The D60 is supplied with two CD's containing Nikon's new software package:
Nikon View NX (Windows / Mac OS X) - A new simplified image browser / organization / basic manipulation application based on the Capture NX design (although it has to be said, easier to use). Provides basic RAW to JPEG conversion with adjustment of exposure compensation, white balance and picture control.
Nikon Transfer - (Windows / Mac OS X) - Automated transfer of images from camera or card reader. Allows batch editing of IPTC data and automated backups.
Nikon Capture NX (trial) - Nikon's new fully-fledged image management, workflow, editing and RAW conversion application.
Normally in our digital SLR reviews we like to compare the supplied RAW conversion software with in-camera JPEG and any third party converters. Our comparison here is between JPEG from the camera and RAW converted with Nikon ViewNX and a beta version of Adobe Camera RAW 4.4.
JPEG - Large/Fine, Default settings
NX - Nikon ViewNX 1.0.3
ACR - Adobe Camera RAW 4.4 Beta
Place your mouse over the label below the image to see the color from a GretagMacbeth ColorChecker chart produced using each RAW converter. As you can see there is absolutely no visible difference between JPEG from the camera and a RAW converted by Capture NX, both clearly using the same basic RAW processing engine. Obviously Nikon has worked hard to ensure that the color and tone reproduction of a converted RAW is the same as you would natively get from the camera.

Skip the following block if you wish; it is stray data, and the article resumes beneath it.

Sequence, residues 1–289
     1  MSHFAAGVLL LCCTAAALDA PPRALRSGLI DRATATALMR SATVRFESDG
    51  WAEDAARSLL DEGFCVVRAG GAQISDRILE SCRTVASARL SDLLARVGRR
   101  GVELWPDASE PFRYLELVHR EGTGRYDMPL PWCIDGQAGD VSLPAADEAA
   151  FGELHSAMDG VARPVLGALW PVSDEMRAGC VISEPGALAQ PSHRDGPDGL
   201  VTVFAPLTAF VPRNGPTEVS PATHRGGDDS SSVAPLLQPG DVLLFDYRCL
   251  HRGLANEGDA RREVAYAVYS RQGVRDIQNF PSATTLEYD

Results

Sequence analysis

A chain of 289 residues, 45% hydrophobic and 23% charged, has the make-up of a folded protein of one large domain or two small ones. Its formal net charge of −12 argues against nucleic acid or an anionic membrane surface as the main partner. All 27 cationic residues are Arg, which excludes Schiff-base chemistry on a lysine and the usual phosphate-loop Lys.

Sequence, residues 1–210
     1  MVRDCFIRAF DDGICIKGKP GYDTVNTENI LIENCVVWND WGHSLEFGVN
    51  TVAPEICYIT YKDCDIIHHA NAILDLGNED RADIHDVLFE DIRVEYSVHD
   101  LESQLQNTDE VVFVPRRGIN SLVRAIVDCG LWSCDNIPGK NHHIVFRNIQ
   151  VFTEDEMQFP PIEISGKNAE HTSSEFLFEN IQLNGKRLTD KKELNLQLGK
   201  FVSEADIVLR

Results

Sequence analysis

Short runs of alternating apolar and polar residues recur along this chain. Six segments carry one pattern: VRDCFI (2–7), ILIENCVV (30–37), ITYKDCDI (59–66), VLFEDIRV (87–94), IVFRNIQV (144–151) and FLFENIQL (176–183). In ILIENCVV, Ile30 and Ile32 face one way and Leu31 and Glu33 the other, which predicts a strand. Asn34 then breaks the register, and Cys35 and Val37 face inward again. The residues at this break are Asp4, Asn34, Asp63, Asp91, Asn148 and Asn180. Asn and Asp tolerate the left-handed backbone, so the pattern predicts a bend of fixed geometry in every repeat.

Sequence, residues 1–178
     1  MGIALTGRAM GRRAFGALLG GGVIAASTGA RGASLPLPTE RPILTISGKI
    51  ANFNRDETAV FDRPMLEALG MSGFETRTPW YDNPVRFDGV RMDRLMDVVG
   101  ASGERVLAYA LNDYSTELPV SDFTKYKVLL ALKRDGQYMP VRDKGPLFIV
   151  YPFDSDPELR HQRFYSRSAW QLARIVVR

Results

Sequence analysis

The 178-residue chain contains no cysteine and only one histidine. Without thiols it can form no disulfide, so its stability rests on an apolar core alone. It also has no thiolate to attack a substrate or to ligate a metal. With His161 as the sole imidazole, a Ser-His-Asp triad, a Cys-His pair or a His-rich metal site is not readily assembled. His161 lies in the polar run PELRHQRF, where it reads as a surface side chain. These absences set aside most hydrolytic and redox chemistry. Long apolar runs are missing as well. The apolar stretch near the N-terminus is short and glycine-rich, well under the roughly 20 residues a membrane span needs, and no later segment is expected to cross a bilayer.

Black & White
Mode Ia sRGB
Mode II Adobe RGB
Sharpness and Detail
There is a very slight improvement in sharpness between the from-the-camera JPEG (which has very conservative sharpening) and the ViewNX converted RAW. Texture detail is also slightly more visible although nothing significant. Adobe Camera RAW delivers a very similar result to Capture NX except without any sharpening halo artifacts and a different color map (as above).
There's a small resolution advantage in the RAW files converted by ViewNX, giving the chart a slightly 'crisper' look without introducing much in the way of sharpening artefacts. The ACR result is, as usual a lot cleaner and softer looking (thanks to Adobe's very conservative approach to sharpening), though resolution is basically identical to ViewNX. Nikon's expeed processor does an excellent job with its JPEG processing, producing very restrained output that won't go haywire if you post-process, but there is an advantage to shooting raw if you're looking to eke every last drop of detail out of the sensor.
JPEG from camera
Nikon ViewNX (RAW)
Adobe Camera RAW (RAW)
Noise (Reduction) at higher sensitivities
At higher sensitivities differences in noise reduction strategy between the in-camera image processing and Nikon ViewNX become apparent. Capture NX maintaining more luminance detail at the expense of more visible (but frankly not objectionable) noise grain. At ISO 800 and 1600 Adobe Camera RAW demonstrates the best detail possible but noise, especially in darker shadow areas, is becoming intrusive.